Post # 356 EXTINCT ATTRIBUTION

The “Statute of Limitations,” and “Bills of Attainder,” are two long- established legal concepts which appear to be imminently capable of instructive use, in their analogic reference in our subject area of human behavior.

The term, “Statute of Limitations,” refers to the maximum allotted period of time, as legislated, within which a lawsuit may be commenced, or a crime prosecuted, or an indebtedness enforced. This classic, legal precept, was created to delay the prosecution of stale claims to a time when witnesses or evidentiary material, necessary to their defense, were no longer available.

“Bills of Attainder,” (outlawed by Art.1, sec, 10, U.S. Const.) were a class of crimes, created by the English Parliament, in which groups of associated people could be prosecuted; relatives of the accused would, additionally, lose their inheritance rights under a Parliamentary theory, called, “Corruption of the Blood.” As indicated, this archaic, unjust conceit has long been outlawed. The fairness and justice, created by the creation of the concept of the Statute of Limitations, and, as well, the outlawing of the harshly unfair Bill of Attainder (the latter, at the inauguration of the U.S. Constitution) were, inarguably, two vitally significant acts of justice and legislative rectitude.

One often hears defensive explanations, or rationalizations, regarding certain, less than acceptable behavior, unwise statements or revealed personality traits, to the effect that they are, excusably, attributable to the person’s purported upbringing, or his parent’s perceived inclinations. How often have you encountered, the defensive assertions such as, “If you think that was an obnoxious statement, you should have heard his father” or,”She is stingy, just like her family.”  The purported blame for, lack of empathy, for constant anxiety, for inability to trust, for lack of capacity for intimacy, and so on, is defensively, cast upon one’s parents, one’s upbringing or previous life experiences.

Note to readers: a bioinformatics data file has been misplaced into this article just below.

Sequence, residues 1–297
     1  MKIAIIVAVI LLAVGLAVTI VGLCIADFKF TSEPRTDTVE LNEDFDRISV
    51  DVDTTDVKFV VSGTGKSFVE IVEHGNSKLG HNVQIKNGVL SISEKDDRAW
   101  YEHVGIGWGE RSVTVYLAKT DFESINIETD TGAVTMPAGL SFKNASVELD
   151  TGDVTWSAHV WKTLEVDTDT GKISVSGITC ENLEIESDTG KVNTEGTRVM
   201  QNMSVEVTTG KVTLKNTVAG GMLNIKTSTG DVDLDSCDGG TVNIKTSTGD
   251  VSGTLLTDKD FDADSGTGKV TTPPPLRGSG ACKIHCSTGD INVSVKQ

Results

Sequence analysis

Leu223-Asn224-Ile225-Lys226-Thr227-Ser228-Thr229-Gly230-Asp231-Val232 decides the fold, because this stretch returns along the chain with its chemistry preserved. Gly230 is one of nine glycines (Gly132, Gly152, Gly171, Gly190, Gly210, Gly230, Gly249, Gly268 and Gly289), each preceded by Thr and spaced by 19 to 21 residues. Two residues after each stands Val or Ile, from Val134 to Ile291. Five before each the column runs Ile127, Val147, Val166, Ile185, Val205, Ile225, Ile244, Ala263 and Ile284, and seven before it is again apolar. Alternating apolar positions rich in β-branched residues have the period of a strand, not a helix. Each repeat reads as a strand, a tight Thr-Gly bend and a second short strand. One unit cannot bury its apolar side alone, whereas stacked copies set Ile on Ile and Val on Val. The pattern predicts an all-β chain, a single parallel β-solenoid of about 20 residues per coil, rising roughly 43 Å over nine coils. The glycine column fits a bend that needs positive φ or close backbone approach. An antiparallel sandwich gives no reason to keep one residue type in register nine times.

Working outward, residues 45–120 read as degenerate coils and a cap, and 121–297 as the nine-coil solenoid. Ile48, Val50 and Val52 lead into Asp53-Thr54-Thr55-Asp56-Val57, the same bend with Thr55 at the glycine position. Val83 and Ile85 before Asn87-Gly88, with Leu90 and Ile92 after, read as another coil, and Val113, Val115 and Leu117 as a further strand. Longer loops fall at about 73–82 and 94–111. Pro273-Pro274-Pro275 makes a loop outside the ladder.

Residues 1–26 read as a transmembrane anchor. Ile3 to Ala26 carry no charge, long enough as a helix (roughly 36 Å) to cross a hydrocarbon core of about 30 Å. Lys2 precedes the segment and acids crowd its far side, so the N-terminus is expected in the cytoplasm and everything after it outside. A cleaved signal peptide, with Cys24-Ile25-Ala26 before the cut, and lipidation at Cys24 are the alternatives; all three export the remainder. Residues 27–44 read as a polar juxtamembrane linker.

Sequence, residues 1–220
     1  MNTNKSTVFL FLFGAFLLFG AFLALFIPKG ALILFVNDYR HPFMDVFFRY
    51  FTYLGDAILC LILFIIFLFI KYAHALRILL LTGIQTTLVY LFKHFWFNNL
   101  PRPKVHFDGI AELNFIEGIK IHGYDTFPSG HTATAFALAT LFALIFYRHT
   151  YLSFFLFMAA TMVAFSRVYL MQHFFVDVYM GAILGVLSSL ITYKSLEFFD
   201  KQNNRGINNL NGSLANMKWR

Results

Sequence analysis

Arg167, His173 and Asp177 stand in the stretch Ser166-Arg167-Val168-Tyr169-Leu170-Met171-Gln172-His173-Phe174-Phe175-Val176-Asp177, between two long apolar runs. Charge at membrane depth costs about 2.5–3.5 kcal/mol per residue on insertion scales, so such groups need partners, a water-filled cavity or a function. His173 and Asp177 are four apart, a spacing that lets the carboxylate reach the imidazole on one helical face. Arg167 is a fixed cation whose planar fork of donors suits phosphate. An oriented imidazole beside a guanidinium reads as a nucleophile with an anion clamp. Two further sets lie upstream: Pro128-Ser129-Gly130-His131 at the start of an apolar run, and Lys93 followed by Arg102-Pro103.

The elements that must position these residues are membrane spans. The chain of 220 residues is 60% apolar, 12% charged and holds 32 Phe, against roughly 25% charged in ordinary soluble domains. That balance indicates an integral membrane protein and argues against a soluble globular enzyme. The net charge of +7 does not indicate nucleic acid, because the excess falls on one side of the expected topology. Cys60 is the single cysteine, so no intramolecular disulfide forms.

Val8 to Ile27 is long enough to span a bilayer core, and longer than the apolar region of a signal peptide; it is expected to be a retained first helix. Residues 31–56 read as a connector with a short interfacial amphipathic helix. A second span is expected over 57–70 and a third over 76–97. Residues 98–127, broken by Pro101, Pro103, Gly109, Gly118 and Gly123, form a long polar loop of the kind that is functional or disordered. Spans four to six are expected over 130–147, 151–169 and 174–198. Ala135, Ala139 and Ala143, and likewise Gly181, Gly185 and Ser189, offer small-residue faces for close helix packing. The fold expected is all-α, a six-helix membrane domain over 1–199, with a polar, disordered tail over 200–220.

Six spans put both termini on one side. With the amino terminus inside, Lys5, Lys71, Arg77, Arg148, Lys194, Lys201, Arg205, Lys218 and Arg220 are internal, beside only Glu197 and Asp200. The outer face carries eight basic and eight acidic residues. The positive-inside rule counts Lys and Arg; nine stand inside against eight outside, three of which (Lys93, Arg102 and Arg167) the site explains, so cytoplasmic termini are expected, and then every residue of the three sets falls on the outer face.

We should state, at this juncture, that we are familiar with the long-standing, academic bi-furcation and  on- going debate, concerning the competing concepts of “nature v. nurture.” We concede the fact, that while much biological phenomena are, in fact, inherited, some personal inclinations have, also, been thought to be natural, or, perhaps, socially heritable. Nonetheless, it seems to us to be defensively neurotic, after attaining adult maturity, to eternally blame, or conveniently attribute, our less than desirable traits or inclinations, to our parents and our upbringing. At some point, we, as adults, will have had sufficient life and interactive experience, requisite to the development of our own persona and our own self- image, to be enabled to personally admit blame, or take credit. It is more than tiresome to attend to long explanatory, subjective diatribes, attributing insecurity, or lack of generosity, or other self- confessed inabilities, to one’s past upbringing or family life.

It may, be observed, as necessary, that all parents, eternally, had parents, and that if such defensive attribution were, acceptable, applicable blame might be properly retroactive to mythical, Eve, herself.

There is a healthy and responsible need for all mature adults, to maturely recognize a personal Statute of Limitations, and to decree a cancellation of their familial Bill of Attainder-like ascription, of all that is felt to be unsatisfactory, to perceived, past family nuance; and to increase their mature, and self- respecting perspective in the recognition and significance of individual, personal responsibility.

-p.

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plinyblogcom

Retired from the practice of law'; former Editor in Chief of Law Review; Phi Beta Kappa; Poet. Literature Student and enthusiast.

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